Western Digital Shutting Down Hard Drive Factory

With the SSD and NAND flash memory markets booming, Western Digital has made the tough decision to shut down its HDD (hard disk drive) manufacturing factory in Petaling Jaya, Malaysia by the end of 2019.

Western Digital first opened up shop in Malaysia in 1973. Its 1,000,000 square-foot Petaling Jaya factory commenced operations manufacturing custom semiconductors, but gradually transitioned to producing consumer and enterprise hard drives. Western Digital would then later expand the Petaling Jaya factory with its own $1.2 billlion dollar R&D facility. However, Western Digital has been in a slump the last couple of years.

HGST Technologies Malaysia, one of Western Digital's subsidiaries, closed the doors on its Bayan Lepas factory about two years ago. Once the Petaling Jaya factory goes out of commission, Western Digital will have no other choice but to spread out hard drive production between its remaining factories. Luckily, the major hard drive manufacturer still owns a 1.7 million square-foot facility in Bang Pa-In, Thailand and a 730,000 square-foot production facility in Prachinburi, Thailand. 

However, the closure of Western Digital's Petaling Jaya factory doesn't mean that the American hard-drive manufacturer is giving up on Malaysia. The company has hard drive substrate manufacturing facilities in Johor and Kuching. Western Digital's SSD assembly and test facilities, media manufacturing lines and R&D offices are also situated in Penang. According to a Western Digital spokesperson, the hard drive maker has plans to expand its SSD production capacity. The company is on the verge of opening its second SSD facility at Penang. It expects the facility to start production in the coming months.

Let's not forget that Western Digital forged a strategic joint venture with Toshiba in 2017. So, the hard drive expert already has an arsenal of SSDs at its disposal and it will continue to supply them to markets where there is a decline in demand for conventional hard drives.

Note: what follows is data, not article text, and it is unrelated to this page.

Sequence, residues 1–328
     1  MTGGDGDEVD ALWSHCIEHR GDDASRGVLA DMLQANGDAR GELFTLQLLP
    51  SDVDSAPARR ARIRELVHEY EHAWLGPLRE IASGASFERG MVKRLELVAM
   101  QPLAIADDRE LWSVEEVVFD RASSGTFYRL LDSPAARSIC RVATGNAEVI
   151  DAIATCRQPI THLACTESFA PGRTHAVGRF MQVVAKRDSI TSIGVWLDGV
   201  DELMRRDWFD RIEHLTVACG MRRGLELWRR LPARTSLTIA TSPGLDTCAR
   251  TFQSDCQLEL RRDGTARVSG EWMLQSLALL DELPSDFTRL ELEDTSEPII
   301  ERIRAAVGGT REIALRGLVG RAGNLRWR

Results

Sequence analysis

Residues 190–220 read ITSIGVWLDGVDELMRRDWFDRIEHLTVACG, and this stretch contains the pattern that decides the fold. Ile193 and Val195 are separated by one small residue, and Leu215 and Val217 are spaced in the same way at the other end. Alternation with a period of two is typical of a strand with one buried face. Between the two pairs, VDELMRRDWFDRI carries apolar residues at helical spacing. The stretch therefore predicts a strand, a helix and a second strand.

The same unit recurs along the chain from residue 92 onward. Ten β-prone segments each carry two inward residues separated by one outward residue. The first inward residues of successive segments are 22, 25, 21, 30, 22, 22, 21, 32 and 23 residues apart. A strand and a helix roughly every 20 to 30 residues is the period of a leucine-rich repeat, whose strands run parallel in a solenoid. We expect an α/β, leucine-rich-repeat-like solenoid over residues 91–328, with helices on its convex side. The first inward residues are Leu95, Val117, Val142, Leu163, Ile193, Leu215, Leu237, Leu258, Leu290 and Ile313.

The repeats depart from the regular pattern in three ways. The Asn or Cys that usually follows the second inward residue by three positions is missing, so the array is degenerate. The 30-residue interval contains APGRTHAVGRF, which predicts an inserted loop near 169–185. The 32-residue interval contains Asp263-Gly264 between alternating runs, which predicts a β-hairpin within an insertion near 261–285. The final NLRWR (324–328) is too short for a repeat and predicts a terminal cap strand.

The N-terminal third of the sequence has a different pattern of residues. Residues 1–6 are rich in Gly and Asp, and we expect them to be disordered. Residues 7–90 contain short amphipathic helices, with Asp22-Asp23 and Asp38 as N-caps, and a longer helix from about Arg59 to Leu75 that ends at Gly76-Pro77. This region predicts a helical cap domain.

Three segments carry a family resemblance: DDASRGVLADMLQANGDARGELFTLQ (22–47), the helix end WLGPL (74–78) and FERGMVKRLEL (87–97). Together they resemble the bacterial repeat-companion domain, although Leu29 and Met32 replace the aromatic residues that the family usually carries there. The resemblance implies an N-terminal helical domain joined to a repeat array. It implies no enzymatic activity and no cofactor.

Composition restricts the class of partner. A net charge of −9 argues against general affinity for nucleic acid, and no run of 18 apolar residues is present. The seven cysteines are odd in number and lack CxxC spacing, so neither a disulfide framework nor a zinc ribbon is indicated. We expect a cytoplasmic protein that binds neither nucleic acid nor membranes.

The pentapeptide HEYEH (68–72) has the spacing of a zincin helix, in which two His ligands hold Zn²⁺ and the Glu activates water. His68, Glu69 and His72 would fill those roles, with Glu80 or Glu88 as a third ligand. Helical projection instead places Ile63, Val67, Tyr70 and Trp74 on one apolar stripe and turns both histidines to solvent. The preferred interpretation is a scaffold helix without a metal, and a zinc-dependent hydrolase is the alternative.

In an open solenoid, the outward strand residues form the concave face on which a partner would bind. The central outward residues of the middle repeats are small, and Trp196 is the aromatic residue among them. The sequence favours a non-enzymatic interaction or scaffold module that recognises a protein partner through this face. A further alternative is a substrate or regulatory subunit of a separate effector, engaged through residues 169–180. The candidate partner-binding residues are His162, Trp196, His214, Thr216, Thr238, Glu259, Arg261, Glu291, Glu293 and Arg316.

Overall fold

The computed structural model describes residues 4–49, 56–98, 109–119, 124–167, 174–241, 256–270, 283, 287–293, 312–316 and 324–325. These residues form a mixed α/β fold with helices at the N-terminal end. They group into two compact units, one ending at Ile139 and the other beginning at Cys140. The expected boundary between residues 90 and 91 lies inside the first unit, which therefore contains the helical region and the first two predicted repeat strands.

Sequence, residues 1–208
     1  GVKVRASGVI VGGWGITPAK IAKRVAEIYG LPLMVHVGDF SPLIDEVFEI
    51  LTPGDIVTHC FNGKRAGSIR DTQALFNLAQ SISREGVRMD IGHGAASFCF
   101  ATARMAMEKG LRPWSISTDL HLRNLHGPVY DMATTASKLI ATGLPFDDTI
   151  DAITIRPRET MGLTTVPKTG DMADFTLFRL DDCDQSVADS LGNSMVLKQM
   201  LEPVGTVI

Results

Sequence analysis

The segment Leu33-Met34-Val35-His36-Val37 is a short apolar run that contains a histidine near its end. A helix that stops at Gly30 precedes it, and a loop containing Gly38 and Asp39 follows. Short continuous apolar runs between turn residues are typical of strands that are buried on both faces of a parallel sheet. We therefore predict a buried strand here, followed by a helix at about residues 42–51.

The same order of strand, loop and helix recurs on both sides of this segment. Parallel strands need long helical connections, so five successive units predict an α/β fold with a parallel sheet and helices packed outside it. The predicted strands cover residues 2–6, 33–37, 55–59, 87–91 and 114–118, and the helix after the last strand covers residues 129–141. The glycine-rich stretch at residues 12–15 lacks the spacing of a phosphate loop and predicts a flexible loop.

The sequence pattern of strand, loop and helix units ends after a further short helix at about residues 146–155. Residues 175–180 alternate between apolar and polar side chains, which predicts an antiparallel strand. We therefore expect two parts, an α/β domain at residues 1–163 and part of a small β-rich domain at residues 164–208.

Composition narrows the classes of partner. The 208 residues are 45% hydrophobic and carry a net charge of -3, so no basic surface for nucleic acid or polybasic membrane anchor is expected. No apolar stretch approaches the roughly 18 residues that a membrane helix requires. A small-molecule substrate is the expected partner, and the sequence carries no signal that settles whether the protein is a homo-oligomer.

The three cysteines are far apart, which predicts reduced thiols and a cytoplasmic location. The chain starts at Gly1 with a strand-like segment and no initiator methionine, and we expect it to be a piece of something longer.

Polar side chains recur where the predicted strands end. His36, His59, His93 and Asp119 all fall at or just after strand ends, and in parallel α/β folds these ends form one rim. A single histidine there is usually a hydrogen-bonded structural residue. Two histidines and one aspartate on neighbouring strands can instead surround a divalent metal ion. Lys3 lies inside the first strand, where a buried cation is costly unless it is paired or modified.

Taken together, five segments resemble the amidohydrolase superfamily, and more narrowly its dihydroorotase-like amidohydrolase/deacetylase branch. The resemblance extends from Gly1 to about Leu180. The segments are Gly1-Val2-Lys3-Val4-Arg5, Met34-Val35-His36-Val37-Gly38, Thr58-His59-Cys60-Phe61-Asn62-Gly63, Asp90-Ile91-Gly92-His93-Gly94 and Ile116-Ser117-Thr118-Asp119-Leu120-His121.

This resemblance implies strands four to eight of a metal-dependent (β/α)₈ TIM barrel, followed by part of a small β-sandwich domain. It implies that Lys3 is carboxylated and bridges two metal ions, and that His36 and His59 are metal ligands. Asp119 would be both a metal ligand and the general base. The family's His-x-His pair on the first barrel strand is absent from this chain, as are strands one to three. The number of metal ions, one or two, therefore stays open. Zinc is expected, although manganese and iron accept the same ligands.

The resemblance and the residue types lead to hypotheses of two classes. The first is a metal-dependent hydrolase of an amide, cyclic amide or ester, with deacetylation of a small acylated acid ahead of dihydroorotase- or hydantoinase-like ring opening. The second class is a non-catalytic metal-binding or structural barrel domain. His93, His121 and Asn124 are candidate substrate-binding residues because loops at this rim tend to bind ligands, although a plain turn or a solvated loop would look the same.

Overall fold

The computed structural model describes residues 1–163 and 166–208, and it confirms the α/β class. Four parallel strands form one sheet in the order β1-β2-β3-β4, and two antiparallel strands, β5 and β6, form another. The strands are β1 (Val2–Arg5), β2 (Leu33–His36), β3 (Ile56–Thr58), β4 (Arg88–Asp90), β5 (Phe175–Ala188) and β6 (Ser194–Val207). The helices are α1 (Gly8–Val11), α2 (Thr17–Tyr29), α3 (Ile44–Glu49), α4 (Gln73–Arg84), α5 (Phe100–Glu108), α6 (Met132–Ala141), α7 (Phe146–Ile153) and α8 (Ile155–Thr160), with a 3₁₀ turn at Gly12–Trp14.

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  • elbert
    Head scratchier given drive capacity haven't seen a reasonable drop since 2012. The 4TB capacity is 8 years old and by all past data the drive would no longer even be sold. Yet 4TB is priced over $100. I would like to have 12TB of capacity in 2~3 drives but no way will I pay that much. With all the videophiles out there and SSD's capacity just comes up short. I think WD is closing drive manufacturing plant to keep prices high.
  • USAFRet
    45049 said:
    Head scratchier given drive capacity haven't seen a reasonable drop since 2012. The 4TB capacity is 8 years old and by all past data the drive would no longer even be sold. Yet 4TB is priced over $100. I would like to have 12TB of capacity in 2~3 drives but no way will I pay that much. With all the videophiles out there and SSD's capacity just comes up short. I think WD is closing drive manufacturing plant to keep prices high.


    "Luckily, the major hard drive manufacturer still owns a 1.7 million square-foot facility in Bang Pa-In, Thailand and a 730,000 square-foot production facility in Prachinburi, Thailand. "

    "According to a Western Digital spokesperson, the hard drive maker has plans to expand its SSD production capacity. The company is on the verge of opening its second SSD facility at Penang."


    They're shutting down one of their HDD plants. Not all of them.
  • Solandri
    45049 said:
    I think WD is closing drive manufacturing plant to keep prices high.

    This is a common misunderstanding of how economics works. If there is sufficient demand, a company can make more money by producing more items to sell. The marginal cost for the extra production is less than for existing production (cost to produce the 2 millionth drive is less than the cost to produce the 1 millionth drive), so the profit margin on the extra drives is higher. The only reason a company (without a monopoly) will willingly reduce production is if there isn't sufficient demand.

    A company can only make more money by keeping prices higher than market price if it owns a monopoly. If there is no monopoly and a company keeps prices high, buyers will simply buy a competitor's product instead, and the company will put itself out of business.

    The HDD industry in particular had some of the slimmest profit margins for decades (like 1%-2% vs about 5% for the computer industry as a whole). That's what led to the rapid consolidation of manufacturers in the 1990s and 2000s, and led some big name players like IBM to exit the business.